Also known as Einstein-Rosen Bridges are theoretically possible going by Einstein’s theory, and equations of general relativity. Basically wormholes take advantage of our 3 dimensional space and are able to “bend” it. Picture a sheet of paper; now put two circular holes on each end of that sheet of paper. Normally the quickest way to join one point to the other would be to draw a straight line between them. Now instead, you could fold the piece of paper so each hole is touching meaning that there is no longer any distance between them. This is an analogy of how a wormhole works except instead of a circular hole on a 2D plane, the entry and exit points of an Einstein-Rosen bridge can be visualised as spheres in a 3D space.
While the theory of general relativity allows the existence of wormholes, we have not yet found physical evidence. The first wormhole solution discovered was the Schwarzschild wormhole presented in the Schwarzschild metric describing an eternal black hole. However this is not stable enough and would collapse before anything could cross from one end to the other. Traversable wormholes could exist of there was a form of exotic matter with a negative energy to stabilise them.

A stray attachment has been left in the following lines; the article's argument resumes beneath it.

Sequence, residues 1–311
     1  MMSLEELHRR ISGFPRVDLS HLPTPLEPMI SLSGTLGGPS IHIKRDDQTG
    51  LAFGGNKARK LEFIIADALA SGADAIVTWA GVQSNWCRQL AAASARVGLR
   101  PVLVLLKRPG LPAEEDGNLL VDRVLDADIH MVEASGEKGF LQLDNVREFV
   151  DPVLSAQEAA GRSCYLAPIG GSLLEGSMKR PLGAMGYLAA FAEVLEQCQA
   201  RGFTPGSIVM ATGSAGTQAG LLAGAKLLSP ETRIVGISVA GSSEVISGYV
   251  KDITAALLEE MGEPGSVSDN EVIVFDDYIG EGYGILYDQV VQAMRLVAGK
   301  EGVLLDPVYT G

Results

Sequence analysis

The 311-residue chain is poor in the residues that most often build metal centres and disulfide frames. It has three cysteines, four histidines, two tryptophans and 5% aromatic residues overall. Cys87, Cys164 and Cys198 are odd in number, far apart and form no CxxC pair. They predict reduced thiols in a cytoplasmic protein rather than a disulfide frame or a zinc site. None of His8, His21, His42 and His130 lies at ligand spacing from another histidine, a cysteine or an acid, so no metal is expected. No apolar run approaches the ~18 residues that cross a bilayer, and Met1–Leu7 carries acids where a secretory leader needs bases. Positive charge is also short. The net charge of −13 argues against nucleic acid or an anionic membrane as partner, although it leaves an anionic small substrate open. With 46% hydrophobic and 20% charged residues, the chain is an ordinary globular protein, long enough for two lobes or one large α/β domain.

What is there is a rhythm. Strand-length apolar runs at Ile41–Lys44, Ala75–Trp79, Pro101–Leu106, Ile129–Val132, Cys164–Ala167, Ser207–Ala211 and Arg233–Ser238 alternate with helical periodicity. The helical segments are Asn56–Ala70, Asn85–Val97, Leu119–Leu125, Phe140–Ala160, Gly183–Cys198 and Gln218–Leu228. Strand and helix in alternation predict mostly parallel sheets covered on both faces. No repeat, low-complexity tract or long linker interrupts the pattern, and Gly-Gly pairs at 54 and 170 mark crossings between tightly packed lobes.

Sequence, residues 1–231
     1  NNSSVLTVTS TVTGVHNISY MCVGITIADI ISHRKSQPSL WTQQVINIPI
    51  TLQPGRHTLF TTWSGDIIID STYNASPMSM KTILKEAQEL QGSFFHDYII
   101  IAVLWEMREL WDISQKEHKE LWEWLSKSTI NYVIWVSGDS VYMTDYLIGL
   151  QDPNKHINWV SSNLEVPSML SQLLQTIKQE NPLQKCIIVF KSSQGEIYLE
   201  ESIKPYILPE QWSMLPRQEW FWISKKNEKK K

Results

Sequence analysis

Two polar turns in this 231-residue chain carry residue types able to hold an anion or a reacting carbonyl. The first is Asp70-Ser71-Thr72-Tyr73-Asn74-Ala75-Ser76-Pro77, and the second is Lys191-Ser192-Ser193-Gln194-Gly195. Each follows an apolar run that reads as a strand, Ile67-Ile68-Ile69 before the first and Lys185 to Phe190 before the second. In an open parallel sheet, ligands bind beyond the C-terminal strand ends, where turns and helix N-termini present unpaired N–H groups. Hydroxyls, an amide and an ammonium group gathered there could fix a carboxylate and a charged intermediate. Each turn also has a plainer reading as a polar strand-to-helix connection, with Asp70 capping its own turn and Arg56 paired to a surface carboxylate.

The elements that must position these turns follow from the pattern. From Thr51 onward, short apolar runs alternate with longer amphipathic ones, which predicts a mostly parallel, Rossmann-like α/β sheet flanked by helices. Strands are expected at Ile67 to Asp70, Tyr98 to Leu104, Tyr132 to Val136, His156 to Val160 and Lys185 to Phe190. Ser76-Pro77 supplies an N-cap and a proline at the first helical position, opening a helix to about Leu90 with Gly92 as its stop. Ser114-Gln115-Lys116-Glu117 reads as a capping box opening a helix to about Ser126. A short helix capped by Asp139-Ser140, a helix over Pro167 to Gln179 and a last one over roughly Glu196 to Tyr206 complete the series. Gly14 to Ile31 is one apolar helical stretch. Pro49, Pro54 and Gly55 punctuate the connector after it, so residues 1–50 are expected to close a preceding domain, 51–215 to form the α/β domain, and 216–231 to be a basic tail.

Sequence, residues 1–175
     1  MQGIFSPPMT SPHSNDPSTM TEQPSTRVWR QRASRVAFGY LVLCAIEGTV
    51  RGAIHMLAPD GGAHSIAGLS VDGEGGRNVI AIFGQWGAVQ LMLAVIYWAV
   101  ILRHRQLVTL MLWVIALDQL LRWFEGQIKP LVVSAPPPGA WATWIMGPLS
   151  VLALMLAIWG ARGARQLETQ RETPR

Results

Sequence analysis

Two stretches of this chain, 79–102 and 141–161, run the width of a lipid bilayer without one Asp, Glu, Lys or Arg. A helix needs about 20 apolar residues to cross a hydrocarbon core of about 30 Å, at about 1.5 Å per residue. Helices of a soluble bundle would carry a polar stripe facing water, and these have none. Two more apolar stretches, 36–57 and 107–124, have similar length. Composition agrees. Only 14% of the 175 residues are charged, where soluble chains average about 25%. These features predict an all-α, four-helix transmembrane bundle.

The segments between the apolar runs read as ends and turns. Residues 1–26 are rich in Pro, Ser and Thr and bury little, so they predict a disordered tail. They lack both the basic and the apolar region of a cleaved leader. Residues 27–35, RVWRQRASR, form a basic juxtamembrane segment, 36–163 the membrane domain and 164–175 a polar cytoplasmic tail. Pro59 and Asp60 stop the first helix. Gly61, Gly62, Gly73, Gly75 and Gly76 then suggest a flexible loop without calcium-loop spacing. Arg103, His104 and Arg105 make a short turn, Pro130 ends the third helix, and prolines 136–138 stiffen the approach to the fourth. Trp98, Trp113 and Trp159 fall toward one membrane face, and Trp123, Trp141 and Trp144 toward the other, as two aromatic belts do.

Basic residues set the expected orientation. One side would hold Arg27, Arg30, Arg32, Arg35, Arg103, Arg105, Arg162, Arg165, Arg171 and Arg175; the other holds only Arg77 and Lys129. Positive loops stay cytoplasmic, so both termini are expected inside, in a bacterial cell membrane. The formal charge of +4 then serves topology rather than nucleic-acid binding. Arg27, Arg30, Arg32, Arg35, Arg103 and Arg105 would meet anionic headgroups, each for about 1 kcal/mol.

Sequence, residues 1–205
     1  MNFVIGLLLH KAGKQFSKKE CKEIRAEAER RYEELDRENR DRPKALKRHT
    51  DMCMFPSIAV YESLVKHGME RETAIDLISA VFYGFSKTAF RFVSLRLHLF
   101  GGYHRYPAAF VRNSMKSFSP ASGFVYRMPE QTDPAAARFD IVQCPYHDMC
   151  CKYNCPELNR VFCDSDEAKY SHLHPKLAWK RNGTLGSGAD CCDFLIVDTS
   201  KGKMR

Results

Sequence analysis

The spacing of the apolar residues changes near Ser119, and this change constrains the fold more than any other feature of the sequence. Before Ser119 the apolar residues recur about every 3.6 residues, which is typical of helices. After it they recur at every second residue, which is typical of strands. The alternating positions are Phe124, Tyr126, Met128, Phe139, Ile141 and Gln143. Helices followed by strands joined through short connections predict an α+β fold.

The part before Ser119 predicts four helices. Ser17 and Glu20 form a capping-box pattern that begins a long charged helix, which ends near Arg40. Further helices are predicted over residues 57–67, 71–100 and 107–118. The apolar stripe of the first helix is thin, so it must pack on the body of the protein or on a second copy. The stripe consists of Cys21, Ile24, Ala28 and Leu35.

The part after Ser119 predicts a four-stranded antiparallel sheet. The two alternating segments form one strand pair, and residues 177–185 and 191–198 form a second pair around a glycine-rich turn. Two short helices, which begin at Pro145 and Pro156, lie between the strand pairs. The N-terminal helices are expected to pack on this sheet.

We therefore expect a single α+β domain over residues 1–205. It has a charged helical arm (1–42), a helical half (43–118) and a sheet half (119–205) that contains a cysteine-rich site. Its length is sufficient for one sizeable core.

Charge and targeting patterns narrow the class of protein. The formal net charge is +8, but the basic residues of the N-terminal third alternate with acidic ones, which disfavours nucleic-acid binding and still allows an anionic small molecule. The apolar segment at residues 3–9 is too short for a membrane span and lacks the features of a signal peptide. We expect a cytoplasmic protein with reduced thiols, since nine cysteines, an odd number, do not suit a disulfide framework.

The Casmir effect shows that quantum field theory allows the energy density in some space to be relatively lower than the ordinary vacuum of space. A lot of physicists (like Stephen Hawking) use this to argue that it is possible to stabilise a traversable wormhole. However there are no known natural processes that would cause a traversable wormhole to stabilise.
The quantum foam hypothesis can be used to suggest the spontaneous appearance of tiny black holes at the Planck scale. Stable versions of these tiny wormholes have been suggested as dark matter candidates. It is also possible that one of these wormholes opened into a previously empty space from another universe, held open by a cosmic string (1D string) with a negative mass then it could be inflated to a macroscopic size by cosmic inflation. Is it possible this happened at the start of the Big Bang?